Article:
Cover Image Property of PUBLISHER
This image was scanned from my private collection


  • CHAPTER I: Materials and Implements for Working
  • CHAPTER II: Plain Needlework- Explanation of Stitches
  • CHAPTER III: Plain Needlework- Instructions in the Preparation of Body Linen
  • CHAPTER IV: Plain Needlework- Instructions in the Preparation of House Linen
  • CHAPTER V: Plain Needlework- Miscellaneous Instructions
  • CHAPTER VI: Fancy Needlework- Explanation of Stitches
  • CHAPTER VII: Fancy Needlework- Explanation of Patterns
  • CHAPTER VIII: Fancy Needlework- Instructions in Embroidery
  • CHAPTER IX: Fancy Needlework- Preparation of Frames
  • CHAPTER X: Fancy Needlework- Application of Fancy Needlework to Useful Purposes
  • CHAPTER XI: Fancy Needlework- Special Instructions
  • CHAPTER XII: Knitting- Explanation of Stitches
  • CHAPTER XIII: Knitting- Examples in Knitting
  • CHAPTER XIV: Netting- Explanation of Stitches
  • CHAPTER XV: Netting- Examples in Netting
  • CHAPTER XVI: Crochet- Stitches in Crochet
  • CHAPTER XVII: Crochet- Examples in Crochet
  • CHAPTER XVIII: Tatting- Explanation of Stitches
  • CHAPTER XIX: Concluding Remarks
  • (4 pages of ads for other books they published)

Title: Ladies' Work-Table Book: Contains clear and practical instructions in plain and fancy needle-work, embroidery, knitting, netting, crochet, and tatting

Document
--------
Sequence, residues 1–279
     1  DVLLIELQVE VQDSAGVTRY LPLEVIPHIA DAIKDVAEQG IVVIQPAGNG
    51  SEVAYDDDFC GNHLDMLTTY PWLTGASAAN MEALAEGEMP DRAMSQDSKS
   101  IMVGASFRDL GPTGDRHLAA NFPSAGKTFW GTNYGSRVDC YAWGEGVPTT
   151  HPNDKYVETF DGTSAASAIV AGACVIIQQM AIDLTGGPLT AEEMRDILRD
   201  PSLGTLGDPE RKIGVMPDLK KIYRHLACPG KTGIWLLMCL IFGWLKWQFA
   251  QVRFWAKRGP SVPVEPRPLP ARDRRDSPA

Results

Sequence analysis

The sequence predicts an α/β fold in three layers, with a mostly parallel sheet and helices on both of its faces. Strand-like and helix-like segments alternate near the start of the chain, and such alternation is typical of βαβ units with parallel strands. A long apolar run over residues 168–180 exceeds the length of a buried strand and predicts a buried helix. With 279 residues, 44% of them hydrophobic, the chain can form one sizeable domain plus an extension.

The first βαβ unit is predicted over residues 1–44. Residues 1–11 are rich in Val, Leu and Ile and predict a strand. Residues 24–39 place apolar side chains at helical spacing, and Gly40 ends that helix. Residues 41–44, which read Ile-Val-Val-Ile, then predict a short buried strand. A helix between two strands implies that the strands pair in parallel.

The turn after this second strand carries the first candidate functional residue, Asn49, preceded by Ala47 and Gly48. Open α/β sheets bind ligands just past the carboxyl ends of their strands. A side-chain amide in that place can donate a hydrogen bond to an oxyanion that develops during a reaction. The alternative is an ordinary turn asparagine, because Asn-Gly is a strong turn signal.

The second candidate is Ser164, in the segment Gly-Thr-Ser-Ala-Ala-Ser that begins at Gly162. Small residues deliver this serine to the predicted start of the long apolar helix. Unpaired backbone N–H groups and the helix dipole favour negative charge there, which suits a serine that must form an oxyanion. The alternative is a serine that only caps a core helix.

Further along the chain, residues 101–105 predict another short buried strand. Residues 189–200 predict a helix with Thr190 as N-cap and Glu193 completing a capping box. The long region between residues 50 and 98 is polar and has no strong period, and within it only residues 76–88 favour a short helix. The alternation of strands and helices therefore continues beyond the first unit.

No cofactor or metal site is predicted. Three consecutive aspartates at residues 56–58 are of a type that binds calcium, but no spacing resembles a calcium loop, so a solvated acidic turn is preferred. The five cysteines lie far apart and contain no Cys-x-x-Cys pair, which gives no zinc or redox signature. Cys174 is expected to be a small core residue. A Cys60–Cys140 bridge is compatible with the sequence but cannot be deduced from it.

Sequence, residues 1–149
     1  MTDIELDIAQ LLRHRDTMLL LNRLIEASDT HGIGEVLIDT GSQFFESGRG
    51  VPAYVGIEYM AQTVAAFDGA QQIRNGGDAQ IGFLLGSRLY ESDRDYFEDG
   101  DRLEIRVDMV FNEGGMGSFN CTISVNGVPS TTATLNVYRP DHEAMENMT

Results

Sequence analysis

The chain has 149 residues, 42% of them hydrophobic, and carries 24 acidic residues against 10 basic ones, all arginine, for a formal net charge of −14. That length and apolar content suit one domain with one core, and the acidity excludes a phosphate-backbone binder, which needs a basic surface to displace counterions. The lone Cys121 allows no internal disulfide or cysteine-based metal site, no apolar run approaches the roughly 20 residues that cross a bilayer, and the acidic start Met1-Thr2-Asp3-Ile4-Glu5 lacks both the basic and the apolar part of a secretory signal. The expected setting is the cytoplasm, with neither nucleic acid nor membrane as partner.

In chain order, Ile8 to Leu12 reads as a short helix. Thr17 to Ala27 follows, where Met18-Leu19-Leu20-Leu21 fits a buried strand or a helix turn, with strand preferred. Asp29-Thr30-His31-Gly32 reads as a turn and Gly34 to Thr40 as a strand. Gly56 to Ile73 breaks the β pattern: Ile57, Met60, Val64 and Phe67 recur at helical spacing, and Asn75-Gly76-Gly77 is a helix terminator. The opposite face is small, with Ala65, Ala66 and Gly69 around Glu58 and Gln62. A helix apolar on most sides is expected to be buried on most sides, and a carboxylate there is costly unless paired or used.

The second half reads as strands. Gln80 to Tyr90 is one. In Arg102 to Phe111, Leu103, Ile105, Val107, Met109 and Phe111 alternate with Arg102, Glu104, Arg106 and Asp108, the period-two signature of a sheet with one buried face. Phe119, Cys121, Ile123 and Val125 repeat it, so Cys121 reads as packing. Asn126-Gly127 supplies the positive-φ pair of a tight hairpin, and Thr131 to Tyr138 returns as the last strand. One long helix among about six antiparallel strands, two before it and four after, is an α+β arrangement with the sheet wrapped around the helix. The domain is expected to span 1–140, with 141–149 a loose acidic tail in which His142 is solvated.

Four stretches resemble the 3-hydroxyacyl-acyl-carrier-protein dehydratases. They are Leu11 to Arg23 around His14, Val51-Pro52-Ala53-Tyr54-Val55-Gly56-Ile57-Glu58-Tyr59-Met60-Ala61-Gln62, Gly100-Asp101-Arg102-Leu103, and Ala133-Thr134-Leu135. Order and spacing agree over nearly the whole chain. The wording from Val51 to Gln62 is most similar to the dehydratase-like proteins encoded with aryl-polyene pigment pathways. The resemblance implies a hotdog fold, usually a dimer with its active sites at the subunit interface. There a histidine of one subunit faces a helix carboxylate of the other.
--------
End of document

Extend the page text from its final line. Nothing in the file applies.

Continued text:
Author/Designer: Not Given
Format/Publication Date: HC:1843!!!
Publisher: H.G. Clarke and Co., London, England
Page Count: 216
Book Dimensions(ht. x w.): 6 5/8" x 4 1/4"
ISBN: None

SUMMARY- The tatting chapter is only three pages, and the instruction given is pretty primitive - but it IS recognizably tatting. It also refers to the shuttle as a needle, but in this little book, there is no helpful illustration to go with it. It has only three illustrations. Two are edgings, both of which are comprised of half-closed rings to make scallops. One has the rings comprised entirely of picots to form petals, and the second has no picots to make a less frilly scallop. The third is a closed ring of six large picot(term author used was "scollop") double stitches to form star tatting, which they recommend go on children's caps.

There were no token illustrations to go with their meager instructions for making the critical double stitch.

Martha Ess gives an excellent thumbnail analysis of several books from this time period(including this one!) that I found engaging and insightful: